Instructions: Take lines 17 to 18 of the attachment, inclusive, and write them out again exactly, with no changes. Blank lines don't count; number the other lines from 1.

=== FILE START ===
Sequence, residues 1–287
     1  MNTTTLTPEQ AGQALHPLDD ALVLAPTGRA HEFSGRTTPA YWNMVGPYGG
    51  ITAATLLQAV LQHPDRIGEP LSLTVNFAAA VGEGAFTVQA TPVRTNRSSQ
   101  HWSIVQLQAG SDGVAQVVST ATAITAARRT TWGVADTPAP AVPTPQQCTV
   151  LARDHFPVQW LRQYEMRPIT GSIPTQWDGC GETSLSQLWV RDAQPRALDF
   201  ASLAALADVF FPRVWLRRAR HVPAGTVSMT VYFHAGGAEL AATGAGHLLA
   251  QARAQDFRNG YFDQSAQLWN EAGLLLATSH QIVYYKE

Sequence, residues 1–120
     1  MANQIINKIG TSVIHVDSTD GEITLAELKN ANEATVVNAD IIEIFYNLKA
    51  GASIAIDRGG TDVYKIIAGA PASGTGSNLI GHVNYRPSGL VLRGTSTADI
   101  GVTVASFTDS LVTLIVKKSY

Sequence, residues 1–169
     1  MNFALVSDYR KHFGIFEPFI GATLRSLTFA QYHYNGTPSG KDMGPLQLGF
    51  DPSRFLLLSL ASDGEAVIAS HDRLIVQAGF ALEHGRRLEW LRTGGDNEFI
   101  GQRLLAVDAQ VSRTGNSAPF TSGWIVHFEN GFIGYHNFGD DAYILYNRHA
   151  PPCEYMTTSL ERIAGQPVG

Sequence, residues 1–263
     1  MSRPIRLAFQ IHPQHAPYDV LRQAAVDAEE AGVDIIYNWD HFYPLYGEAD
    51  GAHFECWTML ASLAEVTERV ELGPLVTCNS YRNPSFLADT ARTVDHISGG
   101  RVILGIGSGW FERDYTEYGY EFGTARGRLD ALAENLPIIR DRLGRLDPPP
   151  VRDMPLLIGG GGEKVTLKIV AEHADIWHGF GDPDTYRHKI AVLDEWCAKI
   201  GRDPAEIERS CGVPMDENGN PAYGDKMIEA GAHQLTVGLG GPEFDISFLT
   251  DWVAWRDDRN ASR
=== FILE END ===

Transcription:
Sequence, residues 1–263
     1  MSRPIRLAFQ IHPQHAPYDV LRQAAVDAEE AGVDIIYNWD HFYPLYGEAD